28th May 2022

Putin's shadow hangs over decisive French vote

  • Election posters in Paris suburb - far-right candidate Marine Le Pen's posters get torn down (Photo: Emma Sofia Dedorson)
Listen to article

On Sunday (24 April), French voters are expected at the ballot boxes for the second and decisive vote in this year's presidential elections.

There are now only two candidates to choose between: Emmanuel Macron and Marine Le Pen. But a third figure is ever so present: Russian president Vladimir Putin.

Read and decide

Join EUobserver today

Become an expert on Europe

Get instant access to all articles — and 20 years of archives. 14-day free trial.

... or subscribe as a group

In the western parts of Paris-suburb Carrières-sous-Poissy most people are Muslim.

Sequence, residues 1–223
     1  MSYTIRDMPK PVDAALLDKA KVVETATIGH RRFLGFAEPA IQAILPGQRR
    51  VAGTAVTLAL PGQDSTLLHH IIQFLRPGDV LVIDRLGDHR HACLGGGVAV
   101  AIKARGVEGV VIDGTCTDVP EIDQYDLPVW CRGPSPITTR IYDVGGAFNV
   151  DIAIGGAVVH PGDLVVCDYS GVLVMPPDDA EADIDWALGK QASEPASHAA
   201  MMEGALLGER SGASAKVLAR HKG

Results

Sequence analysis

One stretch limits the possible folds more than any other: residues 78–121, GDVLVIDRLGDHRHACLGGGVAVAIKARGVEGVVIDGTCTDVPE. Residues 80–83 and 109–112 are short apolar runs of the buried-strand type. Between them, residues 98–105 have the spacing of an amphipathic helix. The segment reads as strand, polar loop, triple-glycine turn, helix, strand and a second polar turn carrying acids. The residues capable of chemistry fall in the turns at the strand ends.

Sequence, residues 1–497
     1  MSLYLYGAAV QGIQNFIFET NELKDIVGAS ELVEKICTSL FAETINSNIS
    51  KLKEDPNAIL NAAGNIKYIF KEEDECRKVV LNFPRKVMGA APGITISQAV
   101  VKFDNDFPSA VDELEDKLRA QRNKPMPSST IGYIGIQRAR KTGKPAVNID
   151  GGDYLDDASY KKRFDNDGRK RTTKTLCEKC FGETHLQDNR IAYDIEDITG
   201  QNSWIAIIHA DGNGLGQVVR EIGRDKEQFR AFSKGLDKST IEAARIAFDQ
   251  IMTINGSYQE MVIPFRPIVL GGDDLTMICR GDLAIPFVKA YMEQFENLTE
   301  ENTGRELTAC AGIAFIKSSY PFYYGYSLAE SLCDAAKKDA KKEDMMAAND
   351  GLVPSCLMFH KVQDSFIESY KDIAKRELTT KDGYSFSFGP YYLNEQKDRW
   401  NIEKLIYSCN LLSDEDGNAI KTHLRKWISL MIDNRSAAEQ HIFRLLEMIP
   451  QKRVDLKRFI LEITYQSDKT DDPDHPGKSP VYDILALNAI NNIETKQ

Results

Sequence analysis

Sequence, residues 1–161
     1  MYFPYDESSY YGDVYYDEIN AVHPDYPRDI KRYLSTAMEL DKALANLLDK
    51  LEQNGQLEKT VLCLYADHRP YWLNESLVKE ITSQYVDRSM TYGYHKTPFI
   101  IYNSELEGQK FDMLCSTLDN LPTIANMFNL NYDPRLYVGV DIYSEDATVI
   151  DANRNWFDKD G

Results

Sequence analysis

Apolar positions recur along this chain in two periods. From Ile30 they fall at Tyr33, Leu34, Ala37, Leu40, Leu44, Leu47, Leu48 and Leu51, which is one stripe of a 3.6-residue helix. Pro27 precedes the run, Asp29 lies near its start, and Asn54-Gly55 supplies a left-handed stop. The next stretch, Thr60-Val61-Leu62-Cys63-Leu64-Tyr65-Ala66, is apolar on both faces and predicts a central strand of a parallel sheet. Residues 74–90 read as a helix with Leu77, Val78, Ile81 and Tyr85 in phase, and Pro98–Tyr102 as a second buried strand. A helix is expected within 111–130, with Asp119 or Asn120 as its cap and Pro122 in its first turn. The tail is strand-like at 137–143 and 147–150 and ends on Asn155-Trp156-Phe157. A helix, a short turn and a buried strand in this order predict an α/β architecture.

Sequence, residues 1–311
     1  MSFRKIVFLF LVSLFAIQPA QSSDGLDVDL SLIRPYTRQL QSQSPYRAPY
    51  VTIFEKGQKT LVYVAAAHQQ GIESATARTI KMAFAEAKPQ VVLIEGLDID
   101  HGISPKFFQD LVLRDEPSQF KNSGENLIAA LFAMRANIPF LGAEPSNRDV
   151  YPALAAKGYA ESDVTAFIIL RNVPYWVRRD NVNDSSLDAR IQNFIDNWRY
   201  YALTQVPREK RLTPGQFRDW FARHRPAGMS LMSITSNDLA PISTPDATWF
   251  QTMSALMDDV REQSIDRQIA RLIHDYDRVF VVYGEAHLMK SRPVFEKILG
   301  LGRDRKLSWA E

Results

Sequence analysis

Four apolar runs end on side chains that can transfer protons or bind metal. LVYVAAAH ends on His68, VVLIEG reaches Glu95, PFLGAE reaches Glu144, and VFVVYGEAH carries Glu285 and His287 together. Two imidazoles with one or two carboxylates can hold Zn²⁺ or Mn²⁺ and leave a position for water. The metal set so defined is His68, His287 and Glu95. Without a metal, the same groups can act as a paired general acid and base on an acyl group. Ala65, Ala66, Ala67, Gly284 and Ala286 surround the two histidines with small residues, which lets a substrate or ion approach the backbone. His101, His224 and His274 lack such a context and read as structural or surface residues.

At least, that is the impression people living here have. One of Île-de-France biggest mosques is being built on a nearby field and many women wear headscarves.

It is not possible to know the exact number of Muslims living here, since it is forbidden by French law to collect information on race, ethnicity, or religion.

Here, only one presidential candidate seems to be left in the run-off: incumbent president Macron.

His posters are hung up on the strictly regulated billboards, installed by the town hall. By law, Le Pen, who wants to ban headscarves, is given equal space, but people here tend to tear her down as soon as she is hung up.

She does however appear on one poster — put up by the Macron team.